In order to expand the imperial family’s accommodations, the Blue Court was also acquired and connected to the Old Castle with passageways after reclaiming a number of farmhouses in the surrounding area. The grandiose plan of 1765/67 which formed the basis for these changes can be traced back to Niccolo Pacassi and was carried out until 1775 only in a reduced form. The dining wing, the theatre, the Schüsselgebäude (basin building) and the Passespielhäuser (ball courts) all originated with this plan. The house owners who were affected by this reclamation and by other acquisitions made between 1760 and 1770 were relocated to vacant land along the Wienerstrasse north of the Achauerstrasse. Great expense was then also lavished on canalising the many water courses in the Laxenburg area. The most renowned engineers of the century submitted proposals in this regard, most of which also included a garden design for the park. Joseph II (1741 - 1790) was the first to make a decision in this regard, ordering construction of an English landscape garden. The ambitions of his successor, Francis II (I) – (1768 - 1835), embraced this style even further. An enormous artificial pond was now added to this English park as well, containing a replica of a ‘Gothic knights fortress’ on an island, the Franzensburg castle. The park was also enhanced with a grotto, a tournament ground and many other romantic buildings. Empress Maria Theresa, second wife of Emperor Francis, was responsible for several of these structures and, in particular, for the celebrations held in Laxenburg in the years 1790 to 1807.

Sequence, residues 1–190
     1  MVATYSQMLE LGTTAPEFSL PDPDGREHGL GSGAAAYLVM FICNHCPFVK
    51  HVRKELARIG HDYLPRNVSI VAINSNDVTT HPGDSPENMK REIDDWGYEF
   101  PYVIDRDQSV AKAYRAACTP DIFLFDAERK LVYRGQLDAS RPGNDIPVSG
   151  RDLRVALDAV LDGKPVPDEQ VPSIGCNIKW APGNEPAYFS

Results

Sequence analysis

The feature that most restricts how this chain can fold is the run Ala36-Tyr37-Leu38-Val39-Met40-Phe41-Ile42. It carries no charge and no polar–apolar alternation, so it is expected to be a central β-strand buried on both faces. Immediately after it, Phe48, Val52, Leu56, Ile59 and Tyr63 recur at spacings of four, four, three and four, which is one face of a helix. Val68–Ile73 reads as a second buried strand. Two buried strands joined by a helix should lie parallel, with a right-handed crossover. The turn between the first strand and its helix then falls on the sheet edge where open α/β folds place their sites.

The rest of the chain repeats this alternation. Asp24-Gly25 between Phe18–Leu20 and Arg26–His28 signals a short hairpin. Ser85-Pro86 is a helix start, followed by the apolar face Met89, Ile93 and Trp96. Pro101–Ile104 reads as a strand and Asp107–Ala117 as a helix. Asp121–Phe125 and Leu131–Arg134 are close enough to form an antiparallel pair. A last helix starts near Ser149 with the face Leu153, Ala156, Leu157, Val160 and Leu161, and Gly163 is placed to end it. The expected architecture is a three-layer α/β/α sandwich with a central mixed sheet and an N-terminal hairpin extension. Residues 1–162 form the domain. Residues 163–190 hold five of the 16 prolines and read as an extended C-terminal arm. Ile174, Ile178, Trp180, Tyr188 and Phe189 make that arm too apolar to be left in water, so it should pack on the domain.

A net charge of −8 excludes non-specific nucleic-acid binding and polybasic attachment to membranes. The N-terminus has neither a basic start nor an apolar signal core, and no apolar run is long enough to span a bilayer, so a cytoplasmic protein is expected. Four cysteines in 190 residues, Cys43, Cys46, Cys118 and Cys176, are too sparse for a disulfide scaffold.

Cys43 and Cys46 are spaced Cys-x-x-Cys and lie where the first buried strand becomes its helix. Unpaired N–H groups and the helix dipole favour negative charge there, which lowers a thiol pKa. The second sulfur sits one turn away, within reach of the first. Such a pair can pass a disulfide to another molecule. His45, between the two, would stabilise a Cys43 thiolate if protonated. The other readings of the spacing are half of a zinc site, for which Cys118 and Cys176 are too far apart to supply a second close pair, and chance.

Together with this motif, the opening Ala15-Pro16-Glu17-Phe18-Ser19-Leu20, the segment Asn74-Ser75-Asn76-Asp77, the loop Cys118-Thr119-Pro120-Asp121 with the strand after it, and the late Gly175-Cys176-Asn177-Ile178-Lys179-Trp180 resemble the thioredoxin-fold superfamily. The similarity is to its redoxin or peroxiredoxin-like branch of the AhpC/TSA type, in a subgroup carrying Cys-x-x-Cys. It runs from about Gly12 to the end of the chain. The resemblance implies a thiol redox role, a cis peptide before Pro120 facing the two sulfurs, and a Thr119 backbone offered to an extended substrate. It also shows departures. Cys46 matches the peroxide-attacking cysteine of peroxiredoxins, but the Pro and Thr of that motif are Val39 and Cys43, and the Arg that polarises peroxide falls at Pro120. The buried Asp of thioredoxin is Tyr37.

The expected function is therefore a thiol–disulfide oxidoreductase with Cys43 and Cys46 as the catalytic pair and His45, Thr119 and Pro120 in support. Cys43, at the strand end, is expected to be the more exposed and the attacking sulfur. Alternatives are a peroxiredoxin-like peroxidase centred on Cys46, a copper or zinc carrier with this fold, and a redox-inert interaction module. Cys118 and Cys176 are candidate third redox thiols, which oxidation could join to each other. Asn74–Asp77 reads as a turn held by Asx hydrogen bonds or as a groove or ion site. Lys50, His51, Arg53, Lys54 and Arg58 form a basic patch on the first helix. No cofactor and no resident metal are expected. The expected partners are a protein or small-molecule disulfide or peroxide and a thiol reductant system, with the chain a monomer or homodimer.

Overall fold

No fundamental changes have been made to the outer appearance of the castle and park since that time. The only updates resulted from the technological inventions of the 19th century: we have the construction of a rail line between Mödling and Laxenburg to thank for the Kaiserbahnhof (the imperial train station), while the Aspangbahn rail line runs a long distance beyond the old town centre. The 20th century brought Laxenburg the last glint of court culture when Emperor Charles spent many weeks here between March 1917 and May 1918. This was also the time of the often quoted secret negotiations with Sixtus and Xavier Bourbon-Parma, brothers of Empress Zita. Things changed for good in 1918: the end of the monarchy also meant the end of the imperial summer residence. Following the brief attempt by a private management company, Laxenburg was subsequently managed by the Kriegsgeschädigten-Fonds (the Fund for War-Affected Persons). Everything that the founding year of 1919 entailed for the ‘former court building’ continued to hold true into the 1960s. This includes sights 2, 3, 4, 5, 6, 7, 10, 11, 14, 15, 16, 18, 22, 24, 25, 26, 27, 28, 32 and 51 of our cultural circuit. This can also be considered as applying to the castle park (no. 17) and the horse pond (no. 20). In regard to the buildings in question, the developments from 1919 to roughly 1972 are therefore not treated separately here but rather as a whole.